Exasperated, I chucked my pen across the loft and said out loud, “I give up. I don’t know where You went or how I walked off for the trillionth time. But I need you. I’m sorry I suck at following You, but I need You to come back for me. I lost You somewhere and I need You to find me yet again.”

I wish I could say that the heavens opened up that night or that my house shook with the audible voice of God, but the truth is that sometimes you just need to pray and go to sleep, trusting that Jesus will come for you in Love and His perfect timing.

After a few days of trying to be obedient in faith and praying my weird, stilted prayers (still feeling rather blah), Jesus met me in the lyrics of Steffany Gretzinger’s “Pieces” while I stood at my kitchen sink and washed perfectly ordinary dinner dishes.

Daughter, I don’t give My heart in pieces.
I don’t hide Myself to tease you.

My love’s not fractured
It’s not a troubled mind
It isn’t anxious, it’s not the restless kind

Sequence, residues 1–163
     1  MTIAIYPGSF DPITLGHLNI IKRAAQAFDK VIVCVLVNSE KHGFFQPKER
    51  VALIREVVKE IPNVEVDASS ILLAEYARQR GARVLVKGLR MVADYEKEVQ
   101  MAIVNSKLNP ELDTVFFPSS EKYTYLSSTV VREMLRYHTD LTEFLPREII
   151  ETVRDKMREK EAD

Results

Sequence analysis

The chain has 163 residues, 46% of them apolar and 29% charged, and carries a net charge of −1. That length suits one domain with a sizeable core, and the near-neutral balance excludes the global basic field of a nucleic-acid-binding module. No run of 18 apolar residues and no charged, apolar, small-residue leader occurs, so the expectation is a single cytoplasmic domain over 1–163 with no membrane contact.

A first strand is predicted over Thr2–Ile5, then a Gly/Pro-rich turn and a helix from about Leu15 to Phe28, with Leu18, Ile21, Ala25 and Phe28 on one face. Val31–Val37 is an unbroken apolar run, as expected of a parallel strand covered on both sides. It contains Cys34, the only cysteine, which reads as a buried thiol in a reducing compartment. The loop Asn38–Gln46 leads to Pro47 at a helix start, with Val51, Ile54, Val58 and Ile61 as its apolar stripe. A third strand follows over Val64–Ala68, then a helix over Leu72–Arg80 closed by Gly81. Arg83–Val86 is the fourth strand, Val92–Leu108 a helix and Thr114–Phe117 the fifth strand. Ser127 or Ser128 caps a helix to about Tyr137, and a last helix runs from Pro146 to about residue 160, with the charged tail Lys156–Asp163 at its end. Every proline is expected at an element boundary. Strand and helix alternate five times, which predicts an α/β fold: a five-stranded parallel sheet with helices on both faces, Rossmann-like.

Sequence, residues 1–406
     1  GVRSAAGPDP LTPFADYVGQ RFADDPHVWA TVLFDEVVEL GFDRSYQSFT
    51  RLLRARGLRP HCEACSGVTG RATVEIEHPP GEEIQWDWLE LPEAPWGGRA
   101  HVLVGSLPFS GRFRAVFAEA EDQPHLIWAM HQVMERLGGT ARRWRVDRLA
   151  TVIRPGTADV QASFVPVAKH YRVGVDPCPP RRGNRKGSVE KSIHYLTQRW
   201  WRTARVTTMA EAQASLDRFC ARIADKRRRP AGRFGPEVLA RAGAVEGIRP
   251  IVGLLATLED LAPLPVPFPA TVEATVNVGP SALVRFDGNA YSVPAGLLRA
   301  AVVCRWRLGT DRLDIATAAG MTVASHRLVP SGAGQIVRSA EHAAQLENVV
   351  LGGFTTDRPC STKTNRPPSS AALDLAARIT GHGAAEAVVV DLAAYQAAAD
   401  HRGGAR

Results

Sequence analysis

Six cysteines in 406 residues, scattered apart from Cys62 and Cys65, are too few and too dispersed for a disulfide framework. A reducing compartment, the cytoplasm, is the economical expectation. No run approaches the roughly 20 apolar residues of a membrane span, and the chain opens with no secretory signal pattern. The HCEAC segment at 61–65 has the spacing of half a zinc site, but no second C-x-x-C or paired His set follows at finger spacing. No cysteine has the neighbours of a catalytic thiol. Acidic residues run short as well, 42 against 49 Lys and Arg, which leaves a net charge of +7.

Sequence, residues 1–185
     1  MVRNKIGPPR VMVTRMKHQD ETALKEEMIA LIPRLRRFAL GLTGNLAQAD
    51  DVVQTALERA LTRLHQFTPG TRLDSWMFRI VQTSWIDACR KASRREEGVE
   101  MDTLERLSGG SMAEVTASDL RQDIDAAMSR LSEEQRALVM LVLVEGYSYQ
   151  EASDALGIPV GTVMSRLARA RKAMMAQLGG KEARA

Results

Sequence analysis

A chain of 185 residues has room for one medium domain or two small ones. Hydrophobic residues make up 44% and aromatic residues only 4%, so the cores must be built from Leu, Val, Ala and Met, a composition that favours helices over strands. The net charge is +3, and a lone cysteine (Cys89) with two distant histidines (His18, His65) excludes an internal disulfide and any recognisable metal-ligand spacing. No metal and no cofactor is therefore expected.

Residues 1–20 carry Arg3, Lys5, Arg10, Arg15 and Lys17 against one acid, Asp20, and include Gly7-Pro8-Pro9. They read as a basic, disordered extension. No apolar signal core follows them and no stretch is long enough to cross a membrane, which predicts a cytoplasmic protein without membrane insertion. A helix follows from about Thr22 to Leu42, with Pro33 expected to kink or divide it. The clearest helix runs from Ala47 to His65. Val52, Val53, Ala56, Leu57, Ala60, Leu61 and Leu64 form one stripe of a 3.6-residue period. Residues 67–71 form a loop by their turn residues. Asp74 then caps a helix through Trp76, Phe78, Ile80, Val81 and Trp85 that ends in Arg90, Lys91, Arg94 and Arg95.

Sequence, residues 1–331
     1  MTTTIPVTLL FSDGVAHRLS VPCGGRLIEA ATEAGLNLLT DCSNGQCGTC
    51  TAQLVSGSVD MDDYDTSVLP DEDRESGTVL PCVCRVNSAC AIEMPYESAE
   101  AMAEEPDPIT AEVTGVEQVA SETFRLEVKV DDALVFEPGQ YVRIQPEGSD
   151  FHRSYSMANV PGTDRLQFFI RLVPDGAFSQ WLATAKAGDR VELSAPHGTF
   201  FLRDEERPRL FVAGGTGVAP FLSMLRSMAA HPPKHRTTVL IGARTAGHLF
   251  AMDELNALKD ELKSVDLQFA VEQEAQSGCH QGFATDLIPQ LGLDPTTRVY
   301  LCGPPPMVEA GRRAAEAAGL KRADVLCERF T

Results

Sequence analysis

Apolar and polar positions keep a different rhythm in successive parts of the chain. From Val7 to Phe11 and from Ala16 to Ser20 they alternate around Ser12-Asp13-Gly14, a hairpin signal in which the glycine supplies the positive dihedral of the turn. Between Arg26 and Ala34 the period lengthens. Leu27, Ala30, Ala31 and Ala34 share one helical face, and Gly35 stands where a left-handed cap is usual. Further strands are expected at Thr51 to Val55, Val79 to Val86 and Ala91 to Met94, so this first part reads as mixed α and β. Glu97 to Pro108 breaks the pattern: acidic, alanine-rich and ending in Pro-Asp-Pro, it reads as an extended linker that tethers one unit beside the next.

My love’s not passive
It’s never disengaged
It’s always present
It hangs on every word I say
Love keeps its promises, it keeps its word
It honors what’s sacred, cause its vows are good
My love’s not broken
It’s not insecure
My love’s not selfish, My love is pure.

As the song goes, His Love is always present, never disengaged. Even when we feel lost or He feels far off, He is nearer than we can see or believe. I don’t understand the phenomenon of His Love, but the cry of my heart stems from exactly that place of confusion. It’s a cry of frustration at my lack of faith and understanding— one that imitates the father of the demon possessed boy Jesus encountered in Mark 9. It’s a prayer that seems so repetitive and so over prayed as someone who feels like she should have it all together, but simply doesn’t…

Lord, make my heart believe.

Would You help me to see and know that Your love is always present, always pursuing me, never broken or disengaged?

Jesus, we long to believe that while we may lose You, You have never lost us. You are always pursuing us with Your perfect love, Your sweet Hesed.

“For the Son of Man came to seek and save the lost.”
(Luke 19:10)